by Caleb Escobedo, Kandai Watanabe, and Ander Aranburu, on April 22, 2020
Robots have been steadily transitioning into human-populated environments and replacing physical separation from humans with complex perception and control software. However, current safety–oriented solutions are computationally expensive, prone to occlusion, and require a significant setup overhead. Robots are in need of compact, self-contained sensing of nearby space to guarantee safety at all times, improve perception, and afford rich interactions with their environment and people. In this work, we present the first novel prototype of a flexible artificial skin for collaborative robotics equipped with an inertial measurement unit (IMU) and proximity sensing.
by Anuj Pasricha, on April 01, 2020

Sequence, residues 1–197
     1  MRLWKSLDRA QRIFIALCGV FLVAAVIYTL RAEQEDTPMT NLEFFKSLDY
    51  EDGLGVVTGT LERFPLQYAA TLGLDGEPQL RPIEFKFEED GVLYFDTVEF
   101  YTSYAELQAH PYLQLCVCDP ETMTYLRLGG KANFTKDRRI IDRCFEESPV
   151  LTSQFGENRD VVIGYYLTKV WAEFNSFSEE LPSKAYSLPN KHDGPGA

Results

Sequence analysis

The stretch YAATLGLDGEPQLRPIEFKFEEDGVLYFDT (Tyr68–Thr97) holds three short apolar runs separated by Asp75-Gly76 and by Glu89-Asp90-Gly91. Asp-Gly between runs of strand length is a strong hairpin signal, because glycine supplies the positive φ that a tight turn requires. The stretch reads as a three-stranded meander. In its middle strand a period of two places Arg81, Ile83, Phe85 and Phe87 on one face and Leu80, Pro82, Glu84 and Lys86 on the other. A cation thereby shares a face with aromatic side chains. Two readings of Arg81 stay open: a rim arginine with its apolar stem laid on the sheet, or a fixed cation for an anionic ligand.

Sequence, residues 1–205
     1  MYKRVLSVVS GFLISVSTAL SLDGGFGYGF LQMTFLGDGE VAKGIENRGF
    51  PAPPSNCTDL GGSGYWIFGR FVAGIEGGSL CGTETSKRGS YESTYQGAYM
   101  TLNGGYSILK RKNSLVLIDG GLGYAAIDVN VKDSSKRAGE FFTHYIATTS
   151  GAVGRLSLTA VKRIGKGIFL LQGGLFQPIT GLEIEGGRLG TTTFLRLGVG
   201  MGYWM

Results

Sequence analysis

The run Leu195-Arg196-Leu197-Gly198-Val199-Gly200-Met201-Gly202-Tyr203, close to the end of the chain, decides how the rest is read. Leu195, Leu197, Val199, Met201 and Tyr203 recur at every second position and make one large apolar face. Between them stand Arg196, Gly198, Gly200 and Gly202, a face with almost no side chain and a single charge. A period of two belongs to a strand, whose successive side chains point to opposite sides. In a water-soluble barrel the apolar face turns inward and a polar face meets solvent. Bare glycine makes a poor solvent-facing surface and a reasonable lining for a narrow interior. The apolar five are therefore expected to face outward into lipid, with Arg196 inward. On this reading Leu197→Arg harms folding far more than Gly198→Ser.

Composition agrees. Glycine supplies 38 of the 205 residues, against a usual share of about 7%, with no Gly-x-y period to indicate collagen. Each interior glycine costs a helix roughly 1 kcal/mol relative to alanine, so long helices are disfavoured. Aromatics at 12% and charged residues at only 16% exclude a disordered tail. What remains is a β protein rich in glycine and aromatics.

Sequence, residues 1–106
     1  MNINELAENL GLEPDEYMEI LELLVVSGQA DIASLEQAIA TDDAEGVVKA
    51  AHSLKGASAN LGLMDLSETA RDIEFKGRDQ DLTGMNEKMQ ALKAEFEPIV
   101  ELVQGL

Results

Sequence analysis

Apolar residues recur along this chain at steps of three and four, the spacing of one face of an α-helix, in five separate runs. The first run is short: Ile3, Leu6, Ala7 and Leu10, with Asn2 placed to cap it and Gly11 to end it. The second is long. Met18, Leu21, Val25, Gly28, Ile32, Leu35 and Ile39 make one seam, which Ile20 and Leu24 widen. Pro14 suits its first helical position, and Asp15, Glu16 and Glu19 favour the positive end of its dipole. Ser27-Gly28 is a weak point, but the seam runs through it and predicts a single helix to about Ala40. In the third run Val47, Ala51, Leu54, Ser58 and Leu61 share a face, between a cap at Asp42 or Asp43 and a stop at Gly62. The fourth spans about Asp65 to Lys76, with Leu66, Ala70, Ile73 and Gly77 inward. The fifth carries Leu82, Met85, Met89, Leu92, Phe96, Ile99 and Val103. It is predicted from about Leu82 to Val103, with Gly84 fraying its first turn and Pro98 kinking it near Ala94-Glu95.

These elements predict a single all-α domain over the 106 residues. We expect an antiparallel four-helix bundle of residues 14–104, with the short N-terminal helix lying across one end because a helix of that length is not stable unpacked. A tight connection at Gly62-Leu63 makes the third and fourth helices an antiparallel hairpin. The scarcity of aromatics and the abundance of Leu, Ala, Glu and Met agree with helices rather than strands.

Humans are highly dexterous in their interactions with real-world objects, engaging naturally in multiple forms of manipulation that involve grasping, pushing, poking, rolling, and tossing objects. Robots, on the other hand, tend to primarily rely on prehensile (grasping) manipulation, which is limiting the breadth of applicability of robot technologies in the real world. In order for robotic manipulation to approach human levels of dexterity, robots can benefit from engaging in non-prehensile manipulation (NPM).